If you're a small business owner who's looking to grow and expand, it can be a challenge to raise the capital you need. If your business is self-financed—meaning you're putting your own money into it—there are some things you should consider before dipping into your savings. Here are seven tips for how to self-finance your business.
Understand your personal financial situation.
If you’re self-financing your business, it’s important to know what your personal finances look like. This will help you determine how much money you can afford to put into the company and whether or not it impacts any other financial obligations.
Plan for a worst-case scenario so that if your business fails or doesn’t make as much money as anticipated, having another source of income will help soften the blow of losing significant amounts of cash.
Build a savings cushion.
A savings cushion is a must. It's important to have enough money in your bank account to cover a few months' worth of expenses so that if an emergency arises, you can pay for it without having to borrow money or sell off assets (which would be even more expensive).
To build up your savings cushion:
Save 10% of every paycheck automatically when you get paid by setting up a direct deposit and automatic transfers into different accounts (e.g., your checking account). If possible, increase this amount over time until it reaches 15%.
Make sure all tax refunds go straight into either building up the emergency fund or paying down high-interest debt like credit card balances or student loans.
Consider all the ways you can bring in money.
You need to look at all the ways you can bring in money. Here are some ideas:
Look at your current income. Are there any opportunities to increase your income? For example, could you work more hours or get a second job?
Look at your future income. Are there any opportunities for promotions or raises that would increase how much money comes into your household each month?
Look at assets and savings accounts that may be able to be liquidated (sold) quickly if necessary. Do you have anything that could be sold off quickly, such as jewellery or electronic equipment, without hurting its value too much? What about things like stocks or bonds--would those be worth cashing out if needed?
Consider working part-time while starting up a business on the side; many successful entrepreneurs did this before taking their businesses full-time once they were established enough financially
Make a plan for how much and when you'll draw down on your personal assets to finance your business.
Make sure that you have a plan for how much and when you'll draw down on your personal assets to finance your business. As an entrepreneur, you're probably aware of the risks involved in starting a company. However, it's important not to underestimate those risks or make decisions based on emotion rather than reason. A well-thought-out business plan will help keep you from making impulsive decisions that could cost you more money later on.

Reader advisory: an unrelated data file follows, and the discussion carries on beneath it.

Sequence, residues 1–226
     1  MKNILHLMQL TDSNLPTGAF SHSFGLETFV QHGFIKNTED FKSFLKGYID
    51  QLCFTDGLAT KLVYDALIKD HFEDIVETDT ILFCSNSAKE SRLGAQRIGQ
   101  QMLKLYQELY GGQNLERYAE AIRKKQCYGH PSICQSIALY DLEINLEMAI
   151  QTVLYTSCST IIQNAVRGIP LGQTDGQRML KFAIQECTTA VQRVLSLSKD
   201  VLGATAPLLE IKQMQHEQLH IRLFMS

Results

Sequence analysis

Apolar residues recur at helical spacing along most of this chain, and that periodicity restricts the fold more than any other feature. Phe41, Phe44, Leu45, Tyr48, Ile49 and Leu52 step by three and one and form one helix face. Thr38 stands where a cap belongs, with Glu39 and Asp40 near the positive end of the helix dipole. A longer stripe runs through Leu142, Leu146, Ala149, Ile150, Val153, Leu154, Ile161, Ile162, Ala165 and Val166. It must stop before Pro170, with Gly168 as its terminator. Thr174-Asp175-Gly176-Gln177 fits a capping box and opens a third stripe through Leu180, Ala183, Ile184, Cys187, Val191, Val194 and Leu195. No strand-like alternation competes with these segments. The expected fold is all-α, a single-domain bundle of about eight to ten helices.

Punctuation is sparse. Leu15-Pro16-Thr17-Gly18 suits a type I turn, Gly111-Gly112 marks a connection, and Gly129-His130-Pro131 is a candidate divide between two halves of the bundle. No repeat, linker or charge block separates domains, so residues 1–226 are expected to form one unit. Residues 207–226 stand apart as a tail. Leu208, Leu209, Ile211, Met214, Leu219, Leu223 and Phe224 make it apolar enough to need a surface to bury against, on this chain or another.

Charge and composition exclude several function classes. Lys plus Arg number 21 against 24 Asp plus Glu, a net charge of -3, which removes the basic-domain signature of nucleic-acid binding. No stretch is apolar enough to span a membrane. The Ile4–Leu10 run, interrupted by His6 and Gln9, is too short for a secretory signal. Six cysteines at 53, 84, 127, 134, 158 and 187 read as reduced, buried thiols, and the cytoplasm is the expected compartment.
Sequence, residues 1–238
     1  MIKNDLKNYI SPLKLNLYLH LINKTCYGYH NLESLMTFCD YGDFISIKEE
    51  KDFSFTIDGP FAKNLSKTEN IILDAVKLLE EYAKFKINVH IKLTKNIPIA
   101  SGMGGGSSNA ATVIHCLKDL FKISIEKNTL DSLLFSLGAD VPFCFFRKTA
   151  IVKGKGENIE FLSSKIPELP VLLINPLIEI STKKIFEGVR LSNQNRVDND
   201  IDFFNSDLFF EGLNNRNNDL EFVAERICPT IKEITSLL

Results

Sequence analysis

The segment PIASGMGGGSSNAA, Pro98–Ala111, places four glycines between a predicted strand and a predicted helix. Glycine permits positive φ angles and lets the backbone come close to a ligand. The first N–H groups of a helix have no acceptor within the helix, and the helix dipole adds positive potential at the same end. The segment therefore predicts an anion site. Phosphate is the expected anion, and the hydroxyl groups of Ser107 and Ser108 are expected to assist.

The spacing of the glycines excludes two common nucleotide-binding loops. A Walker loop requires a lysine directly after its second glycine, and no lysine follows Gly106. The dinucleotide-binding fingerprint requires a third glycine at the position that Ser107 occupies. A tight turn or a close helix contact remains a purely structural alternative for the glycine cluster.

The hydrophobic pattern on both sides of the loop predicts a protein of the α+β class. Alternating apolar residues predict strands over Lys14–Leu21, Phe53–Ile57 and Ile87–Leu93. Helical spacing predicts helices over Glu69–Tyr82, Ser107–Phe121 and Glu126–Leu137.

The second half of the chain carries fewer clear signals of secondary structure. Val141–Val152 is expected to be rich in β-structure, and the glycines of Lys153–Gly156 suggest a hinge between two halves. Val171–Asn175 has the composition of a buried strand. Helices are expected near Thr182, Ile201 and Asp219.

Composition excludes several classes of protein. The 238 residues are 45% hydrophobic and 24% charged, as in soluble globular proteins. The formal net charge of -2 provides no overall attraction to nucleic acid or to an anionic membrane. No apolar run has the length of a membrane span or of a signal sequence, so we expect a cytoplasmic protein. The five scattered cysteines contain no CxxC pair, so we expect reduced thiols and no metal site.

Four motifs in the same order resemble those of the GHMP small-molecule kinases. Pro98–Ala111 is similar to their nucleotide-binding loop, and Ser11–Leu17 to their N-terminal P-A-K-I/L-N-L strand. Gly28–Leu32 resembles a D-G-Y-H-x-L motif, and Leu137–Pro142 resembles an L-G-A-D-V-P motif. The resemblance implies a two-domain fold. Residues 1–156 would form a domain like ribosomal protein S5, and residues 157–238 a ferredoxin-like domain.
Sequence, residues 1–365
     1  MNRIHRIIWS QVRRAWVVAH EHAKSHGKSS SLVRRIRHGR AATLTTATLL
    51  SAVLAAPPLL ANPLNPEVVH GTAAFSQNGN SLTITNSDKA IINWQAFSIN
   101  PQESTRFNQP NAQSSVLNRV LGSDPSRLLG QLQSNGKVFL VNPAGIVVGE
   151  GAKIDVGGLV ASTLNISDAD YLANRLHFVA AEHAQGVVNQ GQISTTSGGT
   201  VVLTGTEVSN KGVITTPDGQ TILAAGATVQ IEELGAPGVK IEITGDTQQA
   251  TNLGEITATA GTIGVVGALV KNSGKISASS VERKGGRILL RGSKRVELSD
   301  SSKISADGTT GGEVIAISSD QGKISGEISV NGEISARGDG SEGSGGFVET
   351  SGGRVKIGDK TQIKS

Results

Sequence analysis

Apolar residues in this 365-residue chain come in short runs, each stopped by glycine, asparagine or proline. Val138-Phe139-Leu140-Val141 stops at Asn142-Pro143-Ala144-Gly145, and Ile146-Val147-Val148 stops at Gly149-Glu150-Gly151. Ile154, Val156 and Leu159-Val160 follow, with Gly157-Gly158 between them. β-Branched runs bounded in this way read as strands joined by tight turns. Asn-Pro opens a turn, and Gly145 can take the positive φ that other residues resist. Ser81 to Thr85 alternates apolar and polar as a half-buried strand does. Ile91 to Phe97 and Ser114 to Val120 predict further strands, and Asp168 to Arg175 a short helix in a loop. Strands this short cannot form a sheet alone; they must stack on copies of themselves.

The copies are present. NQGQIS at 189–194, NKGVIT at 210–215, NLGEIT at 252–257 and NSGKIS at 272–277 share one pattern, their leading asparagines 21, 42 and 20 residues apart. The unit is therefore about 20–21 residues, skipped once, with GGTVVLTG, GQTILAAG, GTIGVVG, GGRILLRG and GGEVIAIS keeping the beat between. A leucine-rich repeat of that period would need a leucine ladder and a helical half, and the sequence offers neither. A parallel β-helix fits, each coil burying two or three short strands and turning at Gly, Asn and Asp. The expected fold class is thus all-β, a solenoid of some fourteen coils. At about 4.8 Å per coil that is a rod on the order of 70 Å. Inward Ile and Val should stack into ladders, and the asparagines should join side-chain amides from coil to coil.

Be careful how you spend your money.
It's important to be careful about how you spend your money. It can be tempting to spend money on things that aren't essential for your business, such as fancy marketing materials or an expensive website.
While huge investments may seem like a good idea at the time, in the long run, such expenses can really hurt your business if you're eating into what little profit you have and aren't able to mitigate risk your business with essential elements (like insurance, automation, and operational support).
One of the best ways to avoid spending money on unnecessary things is to leverage a cash flow management and accounting software like QuickBooks. These tools will help you to input upcoming expenses (as well as planned expenses), so that you see when you may have excess or shortfalls in your business. Timing is everything.
Additionally, it can be best to leverage more economical approaches to achieving your goals until you have the means to splurge. For instance, instead of hiring an expensive designer out of the gate for your logo, try finding logo designers on Fiverr or leverage a template from Canva. You could even tap on your network and offer your expertise in exchange for theirs.
Talk to other entrepreneurs about their personal financing strategies and experiences, including their mistakes and successes.
If you're not sure where to start, there are lots of resources out there for small business owners. You can find them by searching online or asking friends who run their own businesses if they know someone who has been through something similar. Also, connect with local organizations that provide services for small businesses; they may be able to help you find a mentor or even some funding opportunities. Asking questions is an important part of learning from other people's mistakes, so don't ever be afraid to learn!
When it comes to self-financing your business, planning is key. It ensures that you avoid being in situations where you are stressed out financially given you haven't prepared for various worst-case scenarios. We hope these tips are useful to you if are currently in the middle of planning to self-finance your new business!
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